Knaresborough Museum Association celebrates incredible success of archaeology event that's making history
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After unveiling a treasure trove of rare artefacts tracing the town’s story from prehistoric days to modern times, Kathy Allday, Chair of organisers Knaresborough Museum Association, said the Community Archaeology Festival was proving more successful than anyone had expected.
"The festival has been a fantastic success already and we still have another weekend to go,” she said.
"We had such a great start with hundreds coming to see the archaeological and historic displays.”
Taking place at at COGS Centre on Gracious Street in Knaresborough, not only did the vast array of local exhibits prove popular, residents brought in their own finds to add to the rich collection of historical finds.
One of the most remarkable exhibits is a chieftan’s hand axe discovered at Hopperton near Knaresborough which is believed to be more than 4,000 years old.
An audio-visual presentation about the archaeology of Nidd Gorge has proven to be a particular draw as it explained the range of fossils and archaeological artefacts that have been found in the area dating back from 350 million years ago up to the last two world wars.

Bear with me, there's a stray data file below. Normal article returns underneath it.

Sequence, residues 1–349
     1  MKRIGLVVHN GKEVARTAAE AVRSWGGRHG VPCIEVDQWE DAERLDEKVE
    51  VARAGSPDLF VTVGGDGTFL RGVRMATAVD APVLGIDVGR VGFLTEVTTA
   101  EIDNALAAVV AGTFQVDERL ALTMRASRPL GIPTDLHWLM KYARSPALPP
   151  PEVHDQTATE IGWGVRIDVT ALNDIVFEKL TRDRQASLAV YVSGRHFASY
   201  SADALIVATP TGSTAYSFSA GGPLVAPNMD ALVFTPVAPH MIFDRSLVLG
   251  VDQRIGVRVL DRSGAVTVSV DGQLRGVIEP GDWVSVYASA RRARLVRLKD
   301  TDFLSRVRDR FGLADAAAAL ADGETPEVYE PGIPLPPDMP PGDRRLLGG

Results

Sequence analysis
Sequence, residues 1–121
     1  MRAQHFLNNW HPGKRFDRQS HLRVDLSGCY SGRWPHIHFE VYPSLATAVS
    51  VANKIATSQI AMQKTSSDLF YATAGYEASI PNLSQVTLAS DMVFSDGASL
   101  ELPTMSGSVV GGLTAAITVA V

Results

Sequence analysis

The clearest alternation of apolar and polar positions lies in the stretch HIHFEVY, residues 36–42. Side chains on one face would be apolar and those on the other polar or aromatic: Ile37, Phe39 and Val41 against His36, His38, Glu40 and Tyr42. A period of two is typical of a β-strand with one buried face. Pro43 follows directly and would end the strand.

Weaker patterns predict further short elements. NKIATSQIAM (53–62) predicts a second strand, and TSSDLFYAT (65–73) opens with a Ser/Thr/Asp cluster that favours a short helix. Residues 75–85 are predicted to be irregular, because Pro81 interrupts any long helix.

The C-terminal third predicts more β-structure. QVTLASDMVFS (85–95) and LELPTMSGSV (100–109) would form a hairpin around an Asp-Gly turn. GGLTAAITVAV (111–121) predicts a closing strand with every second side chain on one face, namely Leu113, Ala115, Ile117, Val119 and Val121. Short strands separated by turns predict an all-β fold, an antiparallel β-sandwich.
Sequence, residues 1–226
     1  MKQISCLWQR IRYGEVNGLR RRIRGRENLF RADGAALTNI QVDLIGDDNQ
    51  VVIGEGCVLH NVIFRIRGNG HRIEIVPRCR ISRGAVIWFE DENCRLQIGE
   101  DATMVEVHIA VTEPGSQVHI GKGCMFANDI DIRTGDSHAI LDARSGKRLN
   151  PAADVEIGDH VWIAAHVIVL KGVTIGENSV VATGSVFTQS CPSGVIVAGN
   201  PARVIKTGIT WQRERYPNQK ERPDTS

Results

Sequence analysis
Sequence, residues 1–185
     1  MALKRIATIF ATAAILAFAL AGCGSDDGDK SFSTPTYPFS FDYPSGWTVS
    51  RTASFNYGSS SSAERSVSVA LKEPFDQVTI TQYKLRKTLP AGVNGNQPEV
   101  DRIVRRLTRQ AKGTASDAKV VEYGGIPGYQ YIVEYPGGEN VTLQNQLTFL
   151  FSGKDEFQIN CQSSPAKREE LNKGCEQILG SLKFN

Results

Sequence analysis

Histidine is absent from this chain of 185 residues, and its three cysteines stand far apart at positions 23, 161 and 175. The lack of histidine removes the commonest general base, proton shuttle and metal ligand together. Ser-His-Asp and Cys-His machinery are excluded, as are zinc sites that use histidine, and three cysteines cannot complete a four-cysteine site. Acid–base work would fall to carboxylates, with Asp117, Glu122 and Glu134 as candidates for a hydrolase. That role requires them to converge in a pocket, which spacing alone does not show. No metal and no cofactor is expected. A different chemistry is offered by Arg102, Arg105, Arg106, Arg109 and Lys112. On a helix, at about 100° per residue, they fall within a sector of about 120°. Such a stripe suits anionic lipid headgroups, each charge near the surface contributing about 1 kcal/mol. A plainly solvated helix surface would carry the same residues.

Residents from Boroughbridge Road, Plompton and elsewhere around Knaresborough were amazed to learn that prehistoric man and the Romans had once occupied the land where they now live.
Organisers have been keen to encourage interaction with visitors and engage the interest of families and youngsters.
Five stunning paintings by James McKay depicting a variety of animals and dinosaur type reptiles in ancient times in Knaresborough particularly fascinated children.
The event has been made possible not only by the painstaking research of a large team of local volunteers but by a £10,000 Lottery Heritage Fund grant awarded to KMA earlier in the year.
Community Archaeology Festival will be taking place again on Saturday, November 4 and Sunday, November 5 from 10am to 4.30pm when Molly the Cave-dweller will visit to illustrate what neolithic people
wore and ate 4,000 years ago.